And it was definitely worth the wait! I love seeing this in the window (scroll down to see how it turned out)!
Of course, you could make a rainbow suncatcher with all seven rainbow colors and have it turn out just as pretty. But we did it minimally, with the three primary colors to add a twist of learning about color mixing too!
And by the end, George told me all the colors we made and how we made it. Success!
Please note: this rainbow suncatcher does not accurately portray a real rainbow, it does not show all seven colors of a rainbow and it also shows red twice. Its just the way this one turns out.
Find 11 more rainbow activities from other hands on moms!
How to make our rainbow suncatcher
First of all, you need some contact paper (affiliate link).
After I sent out my email that I didn’t have any, a teacher emailed me and suggested using wax paper and glue instead. That would have definitely worked too! I love that idea and will be tucking that away for when I need it.
You also need tissue paper in the three primary colors (affiliate link) – yellow, red and blue – find scraps of it, or buy some cheap at the dollar store. You need very little (not even a sheet of each color).
Before inviting George to make the rainbow suncatcher, I first held up the contact paper to the window to decide how big I needed it to be. I then cut an arch (to resemble half a rainbow) that’s about 5-6 inches wide.
I drew two lines (using pen) on the contact paper to divide the arch into thirds. These are going to be used as guides for the colors.
I taped the contact paper, sticky side up, on the table. George then started with red tissue paper on the top edge of the arch.
We ripped tissue paper together and he stuck it on, all along the outer edge of the rainbow.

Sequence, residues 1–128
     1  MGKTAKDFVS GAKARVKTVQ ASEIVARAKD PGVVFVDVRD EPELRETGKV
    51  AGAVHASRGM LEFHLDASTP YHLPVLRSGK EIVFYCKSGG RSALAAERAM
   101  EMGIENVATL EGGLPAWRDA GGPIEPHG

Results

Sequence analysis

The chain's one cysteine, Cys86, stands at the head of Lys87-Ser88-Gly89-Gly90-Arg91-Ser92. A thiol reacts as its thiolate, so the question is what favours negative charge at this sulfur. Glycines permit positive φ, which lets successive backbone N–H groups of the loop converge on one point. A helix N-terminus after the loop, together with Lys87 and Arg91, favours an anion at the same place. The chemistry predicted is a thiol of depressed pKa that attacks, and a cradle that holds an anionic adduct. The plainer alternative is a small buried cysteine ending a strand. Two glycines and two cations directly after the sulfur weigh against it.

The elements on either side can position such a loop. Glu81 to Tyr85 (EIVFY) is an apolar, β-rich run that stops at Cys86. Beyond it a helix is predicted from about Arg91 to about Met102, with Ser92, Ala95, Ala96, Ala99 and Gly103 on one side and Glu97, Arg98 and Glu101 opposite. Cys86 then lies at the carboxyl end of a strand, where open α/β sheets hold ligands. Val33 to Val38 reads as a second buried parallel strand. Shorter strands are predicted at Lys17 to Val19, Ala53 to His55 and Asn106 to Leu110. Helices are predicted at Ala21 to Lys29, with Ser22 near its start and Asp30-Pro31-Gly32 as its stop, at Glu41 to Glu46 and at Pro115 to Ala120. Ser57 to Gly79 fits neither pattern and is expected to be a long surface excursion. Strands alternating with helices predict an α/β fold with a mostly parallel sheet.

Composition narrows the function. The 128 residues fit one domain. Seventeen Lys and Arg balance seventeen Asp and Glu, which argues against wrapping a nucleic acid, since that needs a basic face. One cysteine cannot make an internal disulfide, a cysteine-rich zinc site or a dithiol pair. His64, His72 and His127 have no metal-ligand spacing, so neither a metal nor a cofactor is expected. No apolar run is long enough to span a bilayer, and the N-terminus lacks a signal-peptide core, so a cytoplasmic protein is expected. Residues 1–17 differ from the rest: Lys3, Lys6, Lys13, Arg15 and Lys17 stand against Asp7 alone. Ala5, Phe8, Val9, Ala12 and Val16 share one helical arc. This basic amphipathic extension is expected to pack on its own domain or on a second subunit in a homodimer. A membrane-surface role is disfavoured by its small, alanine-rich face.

Then he moved on to yellow tissue paper.
We talked about overlapping the yellow onto the red tissue paper, and what would happen with them together.
They’d make orange!
The yellow tissue paper followed along the first line I drew and made sure to overlap some of the red too.
Tip: When overlapping the tissue paper, don’t worry about it not sticking, we’ll take care of that at the end!
And then onto the blue tissue paper. Same thing as the yellow, the blue followed the next line and overlapped some of the yellow, to make green!
And finally, the rainbow was finished off with red tissue paper again along the bottom (inside) edge.
I know, red doesn’t belong on the bottom of a rainbow. But we needed to make purple, and how do you make purple?
You mix red and blue together!
Once the rainbow was completely covered in the three primary colors, you’ll notice that some of the overlapping tissue paper doesn’t stick to each other. How could it?
To take care of this, I cut out a second arch of contact paper and laid it over top, sandwiching the tissue paper in between.
You see in the photo that having it on the table doesn’t show the color mixing. They simply look like their solid colors.
Not very pretty at all, right?
But just wait…
I trimmed it up quickly for any stray tissue paper sticking out, or overlapping contact paper (because I don’t take the time to make a template and cut it perfectly, I eyeball!).
And then, the funnest part of all, George took his rainbow suncatcher to the window to see exactly what he made!
A gorgeous rainbow!
So very pretty and I wish the photo even did it justice!
(Taking photos into a window is so hard! Any tips for me?)